Hi, I have the following questions that I am stuck on. Could you please help in solving them or at least point me in the direction that can help me? Thanks. A given sequence x has x[n]=0 for n outside the range 0<=n<=10. (a)The only computation that you can perform is one DFT. (Assume you have a computer algorithm coded up to do a DFT, and you can use it once). We want to find the value of X(e^j2pi7/12), where X(z) is the z-transform of x[n]. What is the minmum length DFT that you would need to perform, on what set of numbers, and how would you find the desired result from it?(Show how you arrive at the answer) (b) We now want the values of X(z) at the points z=e^j2pip/6 for p=0,1,...,5. You are allowed to perform one DFT computation, and also simple additions if needed. What is the minimum length DFT that you can use, on what set of numbers, and how would you find the desired result from it? (Justify your answer) Thanks in advance.

# DFT z-transform help needed

Started by ●December 19, 2004

Reply by ●December 19, 20042004-12-19

farhatch@yahoo.com wrote:> Hi, I have the following questions that I am stuck on. Could you please > help in solving them or at least point me in the direction that can > help me? Thanks. > > A given sequence x has x[n]=0 for n outside the range 0<=n<=10. > (a)The only computation that you can perform is one DFT. (Assume you > have a computer algorithm coded up to do a DFT, and you can use it > once). We want to find the value of X(e^j2pi7/12), where X(z) is the > z-transform of x[n]. What is the minmum length DFT that you would need > to perform, on what set of numbers, and how would you find the desired > result from it?(Show how you arrive at the answer) > > (b) We now want the values of X(z) at the points z=e^j2pip/6 for > p=0,1,...,5. You are allowed to perform one DFT computation, and also > simple additions if needed. What is the minimum length DFT that you can > use, on what set of numbers, and how would you find the desired result > from it? (Justify your answer) > > Thanks in advance. >(a) Ask your professor, the teaching assistant for the class, an assigned tutor or a friend. I arrived at this answer by observing that the wording of the questions looks like they were copied out of a book or off of an exam sheet, and the assumption, based on a lack of grounding in any real-world problem, that you're not teaching the subject to yourself. (b) Ask your professor, the teaching assistant for the class, an assigned tutor or a friend. I justify this answer based on the fact that figuring out how to help someone through a problem like this without just telling the answer is work, and I'm stealing time away from my family to play on USENET right now. Just telling you the answer would take significantly less time, of course, but it would be a profound disservice to you and your classmates. If you _aren't_ taking a class then say so. If you are at such a poor school or have such a poor professor that you can't get help then say so -- we'll all be much more sympathetic and helpful. -- Tim Wescott Wescott Design Services http://www.wescottdesign.com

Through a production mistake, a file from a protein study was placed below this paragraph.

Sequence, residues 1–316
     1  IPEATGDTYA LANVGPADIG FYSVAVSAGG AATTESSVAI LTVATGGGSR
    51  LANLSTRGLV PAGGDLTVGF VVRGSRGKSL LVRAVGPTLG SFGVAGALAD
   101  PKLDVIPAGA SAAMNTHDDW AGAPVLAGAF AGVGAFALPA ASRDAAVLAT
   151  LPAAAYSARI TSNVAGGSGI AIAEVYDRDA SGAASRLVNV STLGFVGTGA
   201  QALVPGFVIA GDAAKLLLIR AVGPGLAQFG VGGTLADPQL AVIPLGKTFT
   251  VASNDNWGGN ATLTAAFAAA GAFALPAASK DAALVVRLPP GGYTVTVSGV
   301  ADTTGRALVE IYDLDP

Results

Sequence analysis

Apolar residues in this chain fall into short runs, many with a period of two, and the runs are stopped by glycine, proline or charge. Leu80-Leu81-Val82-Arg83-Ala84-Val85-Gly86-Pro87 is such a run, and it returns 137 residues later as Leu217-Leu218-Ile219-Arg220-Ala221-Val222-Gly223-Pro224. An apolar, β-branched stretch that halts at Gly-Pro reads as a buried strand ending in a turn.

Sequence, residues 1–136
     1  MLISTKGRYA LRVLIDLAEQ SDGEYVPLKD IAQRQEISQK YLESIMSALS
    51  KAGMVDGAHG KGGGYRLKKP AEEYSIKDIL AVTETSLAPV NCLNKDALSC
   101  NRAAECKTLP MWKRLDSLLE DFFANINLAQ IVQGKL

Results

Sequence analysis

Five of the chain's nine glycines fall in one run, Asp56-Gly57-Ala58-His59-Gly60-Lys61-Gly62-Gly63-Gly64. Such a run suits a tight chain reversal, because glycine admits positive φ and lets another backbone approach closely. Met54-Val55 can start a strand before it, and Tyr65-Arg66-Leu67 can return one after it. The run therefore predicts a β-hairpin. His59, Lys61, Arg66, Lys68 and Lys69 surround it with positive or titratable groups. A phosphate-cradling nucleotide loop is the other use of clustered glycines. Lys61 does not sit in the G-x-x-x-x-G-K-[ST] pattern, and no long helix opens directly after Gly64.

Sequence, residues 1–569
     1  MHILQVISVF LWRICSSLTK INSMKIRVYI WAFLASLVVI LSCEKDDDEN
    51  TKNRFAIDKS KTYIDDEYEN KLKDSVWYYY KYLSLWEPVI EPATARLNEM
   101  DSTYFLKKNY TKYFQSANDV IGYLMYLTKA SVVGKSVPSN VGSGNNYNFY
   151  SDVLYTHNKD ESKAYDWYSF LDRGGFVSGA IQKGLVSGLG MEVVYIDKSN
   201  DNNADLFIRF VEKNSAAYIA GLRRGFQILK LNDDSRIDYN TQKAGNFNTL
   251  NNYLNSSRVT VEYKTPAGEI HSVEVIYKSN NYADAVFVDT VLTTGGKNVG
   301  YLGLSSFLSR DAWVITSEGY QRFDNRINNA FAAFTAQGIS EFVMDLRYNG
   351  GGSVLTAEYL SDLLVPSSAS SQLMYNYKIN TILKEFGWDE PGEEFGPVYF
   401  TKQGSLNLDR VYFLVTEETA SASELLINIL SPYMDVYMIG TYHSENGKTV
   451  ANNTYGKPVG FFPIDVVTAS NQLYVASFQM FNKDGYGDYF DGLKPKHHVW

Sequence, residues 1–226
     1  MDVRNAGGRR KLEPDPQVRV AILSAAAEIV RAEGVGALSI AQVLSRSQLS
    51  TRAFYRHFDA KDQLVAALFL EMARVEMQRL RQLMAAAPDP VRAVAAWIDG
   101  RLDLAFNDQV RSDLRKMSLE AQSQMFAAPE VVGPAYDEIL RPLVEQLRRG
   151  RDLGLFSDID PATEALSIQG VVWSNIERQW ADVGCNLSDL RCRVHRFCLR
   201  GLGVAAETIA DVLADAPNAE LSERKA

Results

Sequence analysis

Reply by ●December 19, 20042004-12-19